Pest Free – Pest Protection
Everything looks OK, how do I know if I have termites?
You may not see any signs of termites until it’s too late. The only way you can be really sure you don’t have termites is to have an annual Timber Pest Inspection by a qualified timber pest inspector.
What's the first step?
The first step is a thorough, detailed, systematic inspection of your home. How long does it take? Depending on the site, the first inspection for timber pests will take between 1 and 1.5 hours
Will I get value for money?
What is your home worth? Can you afford to not give your home a yearly safety check. It’s a critical part of maintaining your home. Contact our office for a free phone/email quotation.
Will I have to leave the house during the inspection?
Not usually. Most work can be undertaken with you at home.
I'm building a new house, or extending my current house. What should I do to keep termites out of my new home?
There are many options available for minimizing the risk of termite entry into your new home or renovation. It will depend largely on the construction of your property and we will recommend the best options for your specific circumstance. The methods that we recommend may include physical barriers, chemical barriers and combinations to ensure that you have the best protection available.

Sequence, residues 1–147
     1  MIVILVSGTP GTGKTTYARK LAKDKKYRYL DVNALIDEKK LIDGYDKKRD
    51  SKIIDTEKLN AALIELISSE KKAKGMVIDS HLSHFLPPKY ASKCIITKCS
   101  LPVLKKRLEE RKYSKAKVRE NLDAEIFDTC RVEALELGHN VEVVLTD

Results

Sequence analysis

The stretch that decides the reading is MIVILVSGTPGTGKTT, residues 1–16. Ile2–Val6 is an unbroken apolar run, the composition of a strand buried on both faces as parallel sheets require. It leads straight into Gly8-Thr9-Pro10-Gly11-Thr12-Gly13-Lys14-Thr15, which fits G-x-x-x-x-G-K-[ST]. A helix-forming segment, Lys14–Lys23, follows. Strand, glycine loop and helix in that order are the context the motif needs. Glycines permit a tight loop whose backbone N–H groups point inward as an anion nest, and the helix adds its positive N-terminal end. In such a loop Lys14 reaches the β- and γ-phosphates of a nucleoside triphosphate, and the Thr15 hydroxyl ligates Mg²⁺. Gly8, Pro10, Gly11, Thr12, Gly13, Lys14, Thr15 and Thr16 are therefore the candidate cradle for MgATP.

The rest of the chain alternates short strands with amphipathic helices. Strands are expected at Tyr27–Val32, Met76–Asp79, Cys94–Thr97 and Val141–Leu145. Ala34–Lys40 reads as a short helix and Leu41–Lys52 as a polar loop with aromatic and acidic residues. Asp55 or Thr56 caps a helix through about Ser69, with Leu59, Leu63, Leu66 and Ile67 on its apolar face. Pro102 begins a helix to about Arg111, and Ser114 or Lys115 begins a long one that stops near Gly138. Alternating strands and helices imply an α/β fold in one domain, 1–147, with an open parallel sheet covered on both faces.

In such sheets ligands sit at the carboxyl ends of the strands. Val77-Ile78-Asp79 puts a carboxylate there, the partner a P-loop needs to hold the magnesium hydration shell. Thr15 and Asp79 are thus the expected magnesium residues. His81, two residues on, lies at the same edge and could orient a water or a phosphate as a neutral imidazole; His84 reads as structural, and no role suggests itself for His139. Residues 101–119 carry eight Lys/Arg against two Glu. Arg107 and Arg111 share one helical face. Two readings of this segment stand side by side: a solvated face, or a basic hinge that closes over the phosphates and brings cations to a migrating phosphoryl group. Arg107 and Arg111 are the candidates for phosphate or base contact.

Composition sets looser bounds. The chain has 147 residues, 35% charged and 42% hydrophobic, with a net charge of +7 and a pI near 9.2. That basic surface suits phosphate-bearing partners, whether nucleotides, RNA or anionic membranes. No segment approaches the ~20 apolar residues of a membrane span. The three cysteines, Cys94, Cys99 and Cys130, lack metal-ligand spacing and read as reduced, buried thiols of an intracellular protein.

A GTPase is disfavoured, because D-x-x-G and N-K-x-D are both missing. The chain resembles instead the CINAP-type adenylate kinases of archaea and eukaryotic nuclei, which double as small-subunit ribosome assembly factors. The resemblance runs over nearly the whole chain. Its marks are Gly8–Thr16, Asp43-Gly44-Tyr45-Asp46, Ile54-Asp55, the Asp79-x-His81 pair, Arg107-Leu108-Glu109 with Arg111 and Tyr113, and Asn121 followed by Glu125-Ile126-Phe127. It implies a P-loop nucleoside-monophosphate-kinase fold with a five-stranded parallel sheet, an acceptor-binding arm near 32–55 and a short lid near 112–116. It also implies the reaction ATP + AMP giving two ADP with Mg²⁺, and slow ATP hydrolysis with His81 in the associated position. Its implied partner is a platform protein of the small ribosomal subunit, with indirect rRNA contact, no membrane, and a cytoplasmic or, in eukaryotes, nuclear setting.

What is INTEGRATED PEST MANAGEMENT (IPM)?
The concept of Integrated Pest Management (IPM) is a methodology and philosophy that utilises a broad based approach incorporating both chemical and non-chemical control measures. Much of the non-chemical activity is in the form of giving customers advice on how to build pests out, exclude them or to improve sanitation that is known as reducing conducive site conditions. Pest Managers do use a range of traps and glue boards. They also can provide a range of biological cleaning products that help to keep areas clean as well as reducing the level of food available to pests.
The primary objective of IPM is to minimise the possible harmful effects of pesticides whilst maximising the effectiveness of the program.
IPM relies on an understanding of the ecology of the pest in particular, those factors which favour its development where this is undesirable. It then draws from this knowledge non-chemical approaches that will make the environment less suited to the development of the pest population. It will also usually involve, in the control program, the judicious and sensitive use of pesticides, when necessary.